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Found at Blazing Star
written by "Harte, Bret, 1836-1902"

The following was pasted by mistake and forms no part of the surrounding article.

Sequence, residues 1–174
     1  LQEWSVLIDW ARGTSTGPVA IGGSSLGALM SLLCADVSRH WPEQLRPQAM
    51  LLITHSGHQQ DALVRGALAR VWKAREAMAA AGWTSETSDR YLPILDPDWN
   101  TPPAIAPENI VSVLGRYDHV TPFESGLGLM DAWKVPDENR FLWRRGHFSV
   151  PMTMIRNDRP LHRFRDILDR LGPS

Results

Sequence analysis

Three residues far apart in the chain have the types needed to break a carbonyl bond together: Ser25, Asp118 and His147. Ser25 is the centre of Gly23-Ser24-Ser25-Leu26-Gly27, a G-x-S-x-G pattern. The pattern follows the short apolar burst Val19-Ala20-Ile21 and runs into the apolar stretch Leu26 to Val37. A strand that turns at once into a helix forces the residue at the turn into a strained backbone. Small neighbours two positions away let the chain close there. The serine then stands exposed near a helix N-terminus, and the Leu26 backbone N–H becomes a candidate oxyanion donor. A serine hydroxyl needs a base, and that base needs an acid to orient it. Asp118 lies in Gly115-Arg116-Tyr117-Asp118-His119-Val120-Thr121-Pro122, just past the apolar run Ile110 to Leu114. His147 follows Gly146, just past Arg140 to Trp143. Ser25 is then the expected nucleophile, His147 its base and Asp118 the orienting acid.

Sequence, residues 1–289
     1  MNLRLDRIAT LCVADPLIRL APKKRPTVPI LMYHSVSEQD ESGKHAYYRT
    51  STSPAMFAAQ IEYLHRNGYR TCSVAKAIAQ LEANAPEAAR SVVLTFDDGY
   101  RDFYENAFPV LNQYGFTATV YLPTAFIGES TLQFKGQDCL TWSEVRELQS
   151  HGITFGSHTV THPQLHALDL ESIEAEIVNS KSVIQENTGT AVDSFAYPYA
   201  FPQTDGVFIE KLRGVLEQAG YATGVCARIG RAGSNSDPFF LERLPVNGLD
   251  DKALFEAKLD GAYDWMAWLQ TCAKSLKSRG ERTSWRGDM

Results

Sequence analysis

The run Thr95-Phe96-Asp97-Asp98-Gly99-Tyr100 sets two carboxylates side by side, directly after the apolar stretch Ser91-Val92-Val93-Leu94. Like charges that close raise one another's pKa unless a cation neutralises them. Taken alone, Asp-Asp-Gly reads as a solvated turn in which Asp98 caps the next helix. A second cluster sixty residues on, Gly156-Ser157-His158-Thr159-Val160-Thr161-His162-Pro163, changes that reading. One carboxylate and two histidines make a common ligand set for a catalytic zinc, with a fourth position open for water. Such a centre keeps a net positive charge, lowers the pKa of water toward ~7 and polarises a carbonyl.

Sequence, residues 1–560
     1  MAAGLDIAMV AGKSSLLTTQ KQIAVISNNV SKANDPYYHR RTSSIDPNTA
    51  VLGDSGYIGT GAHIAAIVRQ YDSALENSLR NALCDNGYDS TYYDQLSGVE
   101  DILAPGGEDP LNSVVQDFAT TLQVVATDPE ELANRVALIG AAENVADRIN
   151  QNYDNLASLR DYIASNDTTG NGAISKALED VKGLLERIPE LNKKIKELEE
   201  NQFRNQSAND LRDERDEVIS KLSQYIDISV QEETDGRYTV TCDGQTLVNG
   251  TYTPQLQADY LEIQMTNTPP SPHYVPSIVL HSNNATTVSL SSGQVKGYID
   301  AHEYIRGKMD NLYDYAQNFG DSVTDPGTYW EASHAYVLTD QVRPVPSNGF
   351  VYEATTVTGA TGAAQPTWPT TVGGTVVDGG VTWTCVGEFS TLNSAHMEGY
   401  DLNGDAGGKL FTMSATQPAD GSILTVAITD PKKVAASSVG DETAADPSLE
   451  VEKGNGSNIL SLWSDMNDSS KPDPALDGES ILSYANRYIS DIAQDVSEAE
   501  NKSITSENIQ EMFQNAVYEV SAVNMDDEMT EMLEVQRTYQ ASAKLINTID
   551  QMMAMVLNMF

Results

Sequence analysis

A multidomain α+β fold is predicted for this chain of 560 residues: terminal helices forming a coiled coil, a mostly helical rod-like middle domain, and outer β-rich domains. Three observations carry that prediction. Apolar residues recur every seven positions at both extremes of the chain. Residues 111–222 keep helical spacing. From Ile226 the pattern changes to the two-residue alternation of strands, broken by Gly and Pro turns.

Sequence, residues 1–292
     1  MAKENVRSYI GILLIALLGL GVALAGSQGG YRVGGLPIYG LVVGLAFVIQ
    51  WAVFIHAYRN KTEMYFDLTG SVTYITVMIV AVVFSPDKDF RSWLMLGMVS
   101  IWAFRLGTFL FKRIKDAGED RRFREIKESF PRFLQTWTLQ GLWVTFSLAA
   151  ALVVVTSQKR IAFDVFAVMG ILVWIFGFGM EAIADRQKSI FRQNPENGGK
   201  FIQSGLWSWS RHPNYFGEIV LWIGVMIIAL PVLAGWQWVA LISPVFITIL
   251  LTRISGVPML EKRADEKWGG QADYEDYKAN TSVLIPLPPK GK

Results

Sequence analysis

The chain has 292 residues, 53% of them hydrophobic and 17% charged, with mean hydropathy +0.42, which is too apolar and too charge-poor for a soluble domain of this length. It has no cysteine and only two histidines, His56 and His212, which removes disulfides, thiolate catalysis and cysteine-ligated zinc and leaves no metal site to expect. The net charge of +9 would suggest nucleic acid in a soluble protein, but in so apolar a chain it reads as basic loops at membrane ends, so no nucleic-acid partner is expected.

...loped a chivalrous devotion which was now on the point of pecuniary realization. It was generally accepted that "she" was the daughter of this banker, and also felt that in the circumstances the happy father could not do less than develop the resources of Blazing Star at once. Even if there were no relationship, what opportunity could be more fit for presenting to capital a locality that even produced engagement rings, and, as Jim Fauquier put it, "the men ez knew how to keep 'em." It was this sympathetic Virginian who took Cass aside with the following generous suggestion: "If you find that you and the old gal couldn't hitch hosses, owin' to your not likin' red hair or a game leg" (it may be here recorded that Blazing Star had, for no reason whatever, attributed these unprepossessing qualities to the mysterious advertiser), "you might let ME in. You might say ez how I used to jest worship that ring with you, and allers wanted to borrow it on Sundays. If anything comes of it—why—WE'RE PARDNERS!" A serious question was the outfitting of Cass for what now was felt to be a diplomatic representation of the community. His garments, it hardly need be said, were inappropriate to any wooing except that of the "maiden all forlorn," which the advertiser clearly was not. "He might," suggested Fauquier, "drop in jest as he is—kinder as if he'd got keerless of the world, being lovesick." But Cass objected strongly, and was borne out in his objection by his younger comrades. At last a pair of white duck trousers, a red shirt, a flowing black silk scarf, and a Panama hat were procured at Red Chief, on credit, after a judicious exhibition of the advertisement. A heavy wedding ring, the property of Drummond (who was not married), was also lent as a graceful suggestion, and at the last moment Fauquier affixed to Cass's scarf an enormous specimen pin of gold and quartz. "It sorter indicates the auriferous wealth o' this yer region, and...

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